For the same reason, be sure to examine all labels for peanuts, peanut butter, and other peanut products. Because peanuts are good for you, but additives might not be.

Health Benefits of Peanuts

So, why are peanuts good for you? There are many studies that show health benefits of peanuts. To illustrate, I’ve selected two healthy peanut studies.

Firstly, Jones in 2014[1] explains moderate consumption of peanuts, up to one and a half ounces per day:

  • Is not associated with weight gain.
  • Can improve glucose metabolism, blood cholesterol and fatty acids, and overall
    cardio health.

Then the study concludes that peanuts reduce cholesterol and triglyceride when subjects start with high values. Similarly, peanuts reduce blood pressure more when it started higher.

Secondly, Lui, earlier this year, reports benefits from higher daily consumption of 3 ounces[2].

consumption of 3.0 ounces (85 g) of peanuts as a part of a high-fat meal reduced the postprandial triglyceride response and maintained endothelial function in overweight and obese men, particularly in those who were at greater cardiometabolic risk due to elevated baseline Total and LDL-cholesterol concentrations. Therefore, frequent consumption of peanuts may improve cardio risk via mechanisms that involve postprandial cardiometabolic responses, including those that affect vascular function.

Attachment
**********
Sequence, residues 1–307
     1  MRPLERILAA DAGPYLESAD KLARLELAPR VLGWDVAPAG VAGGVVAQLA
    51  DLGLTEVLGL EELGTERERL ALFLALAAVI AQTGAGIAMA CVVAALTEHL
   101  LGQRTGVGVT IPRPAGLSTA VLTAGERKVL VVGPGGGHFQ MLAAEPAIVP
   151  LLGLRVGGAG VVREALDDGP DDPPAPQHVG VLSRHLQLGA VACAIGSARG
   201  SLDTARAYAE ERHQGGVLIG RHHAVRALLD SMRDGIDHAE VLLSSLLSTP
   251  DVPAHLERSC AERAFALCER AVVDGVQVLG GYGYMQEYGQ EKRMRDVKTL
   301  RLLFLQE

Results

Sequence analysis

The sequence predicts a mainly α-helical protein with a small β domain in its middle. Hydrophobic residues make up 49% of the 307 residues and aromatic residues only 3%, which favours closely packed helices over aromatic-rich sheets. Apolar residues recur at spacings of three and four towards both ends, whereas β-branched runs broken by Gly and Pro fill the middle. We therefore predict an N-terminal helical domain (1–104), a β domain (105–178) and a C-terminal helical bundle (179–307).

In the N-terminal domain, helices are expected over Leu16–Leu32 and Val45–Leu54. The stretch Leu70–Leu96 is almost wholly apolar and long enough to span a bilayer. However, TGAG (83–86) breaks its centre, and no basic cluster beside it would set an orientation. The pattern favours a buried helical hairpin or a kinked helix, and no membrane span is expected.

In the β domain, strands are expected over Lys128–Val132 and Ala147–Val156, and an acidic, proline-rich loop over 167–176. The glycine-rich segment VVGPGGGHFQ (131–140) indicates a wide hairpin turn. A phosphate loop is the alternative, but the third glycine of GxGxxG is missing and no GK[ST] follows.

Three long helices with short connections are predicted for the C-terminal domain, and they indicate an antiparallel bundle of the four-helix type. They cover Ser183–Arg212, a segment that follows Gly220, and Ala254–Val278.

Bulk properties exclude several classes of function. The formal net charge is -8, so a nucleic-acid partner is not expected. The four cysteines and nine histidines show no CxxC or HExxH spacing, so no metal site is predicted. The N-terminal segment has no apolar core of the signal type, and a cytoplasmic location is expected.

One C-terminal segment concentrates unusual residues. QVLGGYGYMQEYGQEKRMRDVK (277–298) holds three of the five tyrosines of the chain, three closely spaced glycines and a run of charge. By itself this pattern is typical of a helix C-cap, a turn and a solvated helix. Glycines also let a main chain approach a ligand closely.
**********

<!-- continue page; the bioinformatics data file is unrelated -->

However, the authors are at pains to point out that more research is needed. Because the way peanuts work in this setting is unclear. Also, they are not recommending a high-fat meal as healthy. As the experiment is planned to measure peanut effects, not as a healthy diet plan.

Are Peanuts Acidic Summary

To summarize, we can see that:

  1. Peanuts are a low-acid food. Also, peanuts produce acid when digested. However, peanuts are good in an alkaline diet. As long as you balance peanut consumption with more alkalizing foods.
  2. Peanuts give healthy nutrients to your diet that can help fight many common diseases. However, you must be careful to avoid weight gain from excess peanut consumption.
Peanuts and Peanut Butter

Peanuts and Peanut Butter

Peanuts and Your Alkaline Diet

Now that you know peanuts are acidic, does it mean you will avoid them? Or will you plan eating peanuts in moderation? Because it is nonsense to plan your diet around a single food such as peanuts.

So, your first next step is to make sure that your eating plans are basically well-balanced and healthy. Then, you can add more peanuts, or reduce them in your diet, to achieve your own personal health goals.

Do you need personal help planning a healthy diet? Or help to decide to reduce or increase your peanut intake? If so, just ask in the feedback form below.

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Are Peanuts Acidic References

  1. Jones, Joshua B., et al. “A randomized trial on the effects of flavorings on the health benefits of daily peanut consumption.” The American journal of clinical nutrition 99.3 (2014): 490-496.
  2. Liu, Xiaoran, et al. “Acute Peanut Consumption Alters Postprandial Lipids and Vascular Responses in Healthy Overweight or Obese Men.” The Journal of Nutrition 147.5 (2017): 835-840.